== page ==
Good morning,

If Delaware Business Nownamed a company of the year, the winner would be Chesapeake Utilities Corp.

The honor would come from the long-term performance of the company that got its start in 1859 as a street lighting company in Dover. Its headquarters are still in the capital city.

After World War II, the company acquired small gas utilities on the Eastern Shore and later added a pipeline company.

Chesapeake’soperating style was set in those early years. The company would maintain financial discipline while continuing to expand in a careful manner.

The volatility of natural gas prices and the rural nature of Delmarva limited expansion. Chesapeake filled in the gaps by acquiring propane companies.

At one key point, Chesapeake gained expertise in computerizing its operationsand operated a company for many years that provided services to utilities and other clients.

What remainedconsistent was the succession of executiveswho adhered to the careful strategy.

The biggest leap for Chesapeake came when it headed to Florida with the purchase of a small gas company. The move seemed to be a little out of character, but theoriginal formula worked in the Sunshine State.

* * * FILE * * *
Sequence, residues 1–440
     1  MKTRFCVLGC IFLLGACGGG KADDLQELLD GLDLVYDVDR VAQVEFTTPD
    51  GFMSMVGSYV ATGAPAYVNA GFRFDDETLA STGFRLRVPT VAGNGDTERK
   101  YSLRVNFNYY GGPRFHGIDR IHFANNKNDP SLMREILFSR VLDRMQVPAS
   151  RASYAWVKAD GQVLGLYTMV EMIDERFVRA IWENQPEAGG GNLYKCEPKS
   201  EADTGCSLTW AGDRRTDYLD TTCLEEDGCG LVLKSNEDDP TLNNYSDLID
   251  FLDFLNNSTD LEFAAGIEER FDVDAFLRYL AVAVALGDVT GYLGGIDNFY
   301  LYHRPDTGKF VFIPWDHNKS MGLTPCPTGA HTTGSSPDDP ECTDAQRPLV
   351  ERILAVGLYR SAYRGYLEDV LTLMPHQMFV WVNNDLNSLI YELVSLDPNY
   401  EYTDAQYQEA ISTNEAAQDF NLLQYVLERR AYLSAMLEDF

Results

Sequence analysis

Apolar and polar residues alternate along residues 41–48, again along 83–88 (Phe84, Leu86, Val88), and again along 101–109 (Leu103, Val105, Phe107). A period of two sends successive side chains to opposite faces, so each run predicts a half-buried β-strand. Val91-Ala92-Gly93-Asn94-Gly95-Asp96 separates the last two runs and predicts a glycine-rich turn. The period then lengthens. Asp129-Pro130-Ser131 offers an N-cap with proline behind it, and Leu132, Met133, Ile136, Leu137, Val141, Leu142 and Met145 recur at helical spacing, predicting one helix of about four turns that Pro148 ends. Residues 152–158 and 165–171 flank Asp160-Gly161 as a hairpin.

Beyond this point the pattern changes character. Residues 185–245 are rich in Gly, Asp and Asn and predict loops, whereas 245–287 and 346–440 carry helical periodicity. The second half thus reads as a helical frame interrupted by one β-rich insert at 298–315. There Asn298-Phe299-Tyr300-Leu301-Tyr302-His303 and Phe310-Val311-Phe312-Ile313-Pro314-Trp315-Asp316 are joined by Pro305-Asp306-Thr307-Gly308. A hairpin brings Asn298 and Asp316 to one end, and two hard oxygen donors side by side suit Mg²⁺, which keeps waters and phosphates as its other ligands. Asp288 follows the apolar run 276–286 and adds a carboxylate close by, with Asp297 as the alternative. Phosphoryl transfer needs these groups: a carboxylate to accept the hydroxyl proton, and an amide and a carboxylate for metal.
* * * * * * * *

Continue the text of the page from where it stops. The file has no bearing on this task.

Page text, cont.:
The pace of growth accelerated as massive natural gas deposits were found in nearby Pennsylvania, allowing more hookups on the growingDelmarva Peninsula and expansion of its pipeline holdings.

Chesapeake also picked up an electric and gas utility in Florida and more recently acquired a company that gathers and distributes gas from Ohio wells.

Annual revenues have moved past $600 million.

Wall Street hasn’t ignored the publicly traded company’s performance. After all, a thousand dollars in Chesapeake stock purchased in 1978 may now be worth $71,000, depending on how you calculate its one stock split.

This week, CEO Michael McMasters announced plans to retire after leading the company through its most dramatic and interesting period of growth.

His decision is also in keeping with the company’s disciplined succession plan.

The search is on for a successor, who will face the challengeof keeping the company on a 70-year roll.

Enjoy the day as our thoughts go out to North and South Carolina residents. Make no mistake. This is a dangerous storm. The newsletter’s final edition for the work week returns tomorrow. – Doug Rainey, publisher.

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